Ellis Avery and Sharon Marcus with Cassandra Neyenesch
Ellis Avery and Sharon Marcus with Cassandra Neyenesch
by Cassandra Neyenesch
Early in Ellis Avery’s new novel, The Teahouse Fire, (Riverhead, 2006) the narrator describes her experience of tea ceremony, or chado :
I felt this one moment in all the world, three women in a room,
doors thrown back to the bright day, the drunk bees in the purple flowers.
I felt the alchemy of food made flesh. We were candles that burned on rice and salt.
These ground green leaves came from earth, water, light and air; and so did my
guest’s drinking body. And I myself was a leaf adrift… I felt my mind both river and
leaf at once. (p.98)
Lost in nineteenth century Kyoto, Aurelia, a child of Western missionaries, is adopted by Yukako, daughter of the Shin family, hereditary teachers of chado, entering a landscape of meditative detail that is at once a social and symbolic universe; the neighborhood bathhouse is as much an obstacle course of class jealousies as it is an experience of scalding water and discarded geta. Yet ultimately the story of The Teahouse Fire is beauty in all its allurements and sacrifices. Avery, a good friend of this writer, lives in New York with her partner Sharon Marcus, a Columbia literature professor whose non-fiction book Between Women comes out this month from Princeton University Press. Marcus uses a technique she calls “just reading”—looking directly at the evidence offered by lifewriting, magazine illustrations and novels rather than attempting to excavate a hidden or repressed reality—to explore women’s relationships in Victorian England. She discusses the power that girls wielded over their dolls, the sado-masochism of fashion plates, and the intense romanticism of women’s writing about each other to show that the intimacy of women was not at odds with the social system but a vital part of it. She provides examples of widely accepted “female marriages,” demonstrating that the Victorians were less prudish than we believe them to be—possibly less so than we are. In the books of Marcus and Avery I saw an emphasis on craft, taking pleasure in the detailed; the personal; the de facto. Both women are, at their cores, sensualists. Curious about how much they influence each other, I interviewed them in December.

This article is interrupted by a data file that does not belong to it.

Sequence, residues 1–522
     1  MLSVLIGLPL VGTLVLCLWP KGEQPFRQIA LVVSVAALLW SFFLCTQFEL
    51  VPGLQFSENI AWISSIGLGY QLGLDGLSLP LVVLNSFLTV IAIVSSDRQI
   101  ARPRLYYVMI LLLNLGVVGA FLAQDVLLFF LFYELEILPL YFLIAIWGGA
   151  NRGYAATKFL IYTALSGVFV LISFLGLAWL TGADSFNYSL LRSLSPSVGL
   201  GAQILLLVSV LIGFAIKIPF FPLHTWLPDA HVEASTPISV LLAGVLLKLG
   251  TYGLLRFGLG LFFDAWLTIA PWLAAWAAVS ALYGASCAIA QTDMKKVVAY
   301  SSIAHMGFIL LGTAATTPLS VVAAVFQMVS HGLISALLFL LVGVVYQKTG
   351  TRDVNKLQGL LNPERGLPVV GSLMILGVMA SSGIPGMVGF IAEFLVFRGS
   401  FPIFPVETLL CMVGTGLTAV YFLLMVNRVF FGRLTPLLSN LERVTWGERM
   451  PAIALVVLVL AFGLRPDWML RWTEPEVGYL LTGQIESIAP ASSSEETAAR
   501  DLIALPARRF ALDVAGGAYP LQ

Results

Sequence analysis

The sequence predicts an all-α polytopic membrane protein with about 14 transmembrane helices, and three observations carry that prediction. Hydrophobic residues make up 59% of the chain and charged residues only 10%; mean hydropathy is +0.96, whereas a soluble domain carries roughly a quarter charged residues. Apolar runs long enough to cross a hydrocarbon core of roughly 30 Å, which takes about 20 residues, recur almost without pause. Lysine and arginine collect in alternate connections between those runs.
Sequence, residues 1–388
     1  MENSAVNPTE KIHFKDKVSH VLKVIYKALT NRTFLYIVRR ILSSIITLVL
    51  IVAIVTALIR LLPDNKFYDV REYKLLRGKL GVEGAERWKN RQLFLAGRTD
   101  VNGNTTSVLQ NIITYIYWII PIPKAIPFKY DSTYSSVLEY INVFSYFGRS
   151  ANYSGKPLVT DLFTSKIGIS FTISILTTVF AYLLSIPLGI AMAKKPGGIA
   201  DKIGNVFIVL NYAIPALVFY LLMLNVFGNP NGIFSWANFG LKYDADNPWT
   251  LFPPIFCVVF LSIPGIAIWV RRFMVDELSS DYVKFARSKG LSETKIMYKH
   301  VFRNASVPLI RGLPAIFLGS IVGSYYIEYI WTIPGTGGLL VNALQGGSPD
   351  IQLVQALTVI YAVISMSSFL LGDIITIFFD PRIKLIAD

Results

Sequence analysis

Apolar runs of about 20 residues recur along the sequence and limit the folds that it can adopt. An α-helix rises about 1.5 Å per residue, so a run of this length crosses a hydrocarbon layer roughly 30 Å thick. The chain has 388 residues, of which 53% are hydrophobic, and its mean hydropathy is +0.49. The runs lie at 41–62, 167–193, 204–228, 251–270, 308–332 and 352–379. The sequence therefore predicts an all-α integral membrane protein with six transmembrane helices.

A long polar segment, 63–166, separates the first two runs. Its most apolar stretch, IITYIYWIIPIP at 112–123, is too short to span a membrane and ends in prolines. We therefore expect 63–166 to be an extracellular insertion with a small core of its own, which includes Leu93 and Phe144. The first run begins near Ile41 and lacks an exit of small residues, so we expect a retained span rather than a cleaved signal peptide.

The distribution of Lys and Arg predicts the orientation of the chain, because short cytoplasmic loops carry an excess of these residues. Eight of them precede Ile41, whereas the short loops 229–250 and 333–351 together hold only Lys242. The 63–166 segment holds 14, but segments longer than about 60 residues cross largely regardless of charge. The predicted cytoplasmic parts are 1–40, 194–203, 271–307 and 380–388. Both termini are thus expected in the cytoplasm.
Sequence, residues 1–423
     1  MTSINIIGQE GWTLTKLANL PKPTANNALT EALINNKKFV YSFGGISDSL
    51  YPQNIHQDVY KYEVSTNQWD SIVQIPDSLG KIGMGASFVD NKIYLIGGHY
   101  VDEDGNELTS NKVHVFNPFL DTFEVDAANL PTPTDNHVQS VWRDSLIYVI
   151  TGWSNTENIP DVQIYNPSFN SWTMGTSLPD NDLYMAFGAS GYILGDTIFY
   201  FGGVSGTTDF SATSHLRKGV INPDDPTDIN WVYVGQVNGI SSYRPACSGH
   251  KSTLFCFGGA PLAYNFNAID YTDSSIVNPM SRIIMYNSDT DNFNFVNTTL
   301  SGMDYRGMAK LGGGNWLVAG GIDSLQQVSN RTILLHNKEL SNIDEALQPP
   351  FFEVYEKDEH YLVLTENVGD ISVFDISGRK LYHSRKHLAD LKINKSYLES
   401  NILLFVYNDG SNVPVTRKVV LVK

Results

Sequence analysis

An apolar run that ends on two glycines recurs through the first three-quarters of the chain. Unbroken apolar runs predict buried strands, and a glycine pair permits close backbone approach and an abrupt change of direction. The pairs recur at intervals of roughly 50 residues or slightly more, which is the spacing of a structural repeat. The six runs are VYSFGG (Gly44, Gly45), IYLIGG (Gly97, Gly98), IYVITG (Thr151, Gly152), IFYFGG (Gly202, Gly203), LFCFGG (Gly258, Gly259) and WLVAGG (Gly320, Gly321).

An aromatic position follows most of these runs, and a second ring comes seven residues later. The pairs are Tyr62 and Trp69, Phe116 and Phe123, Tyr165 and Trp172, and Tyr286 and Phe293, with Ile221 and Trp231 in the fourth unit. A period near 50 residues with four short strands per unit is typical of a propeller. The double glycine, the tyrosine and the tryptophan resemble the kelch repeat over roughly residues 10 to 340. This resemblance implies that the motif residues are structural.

Cassandra Neyenesch (Rail): Sharon, your book makes extensive use of Victorian women’s lifewriting, while Ellis, your novel is a Victorian woman’s autobiography. Was this a complete coincidence?
Sharon Marcus (Marcus): You read lots of diaries for your novel.
Ellis Avery (Avery): I did. I knew I wanted a leg to stand on. How do I tell Yukako’s story in a way that’s accurate about my own shortcomings as a narrator about this time and culture and language?
Marcus: And that is a question that is similar for someone writing a history and someone writing a historical novel.
Avery: I had this amazing collection of letters by Ume Tsuda, the founder of Tsuda college, who was one of the six or seven girls sent to America by Emperor Meiji to learn how to be Western women, and all of them except for one came home and married and lived very quiet lives. But Ume Tsuda—who was there long enough to completely forget Japanese and have to relearn it—wrote a letter to her American mother every day until her mother passed away, and it was enough to give me a real sense of how someone who would be very invested in Japan would rediscover it. Especially when she first gets there, she just notices so many things that you wouldn’t notice if you were from there, and that you might dismiss as barbarism if you were visiting as a Victorian.
Marcus: One thing I learned from Ellis in approaching this material is to be comfortable with my delight in individual voices and to get really interested in people. My first book wasn’t about people at all. In Between Women: Friendship, Desire, and Marriage in Victorian England I kept that critical distance from the material but I also let myself fall in love a little bit, not with the women but with their idiosyncrasies and the particularities of their ways of seeing the world and really pay attention to their relationships and let myself revel in the novelistic qualities of history in this book.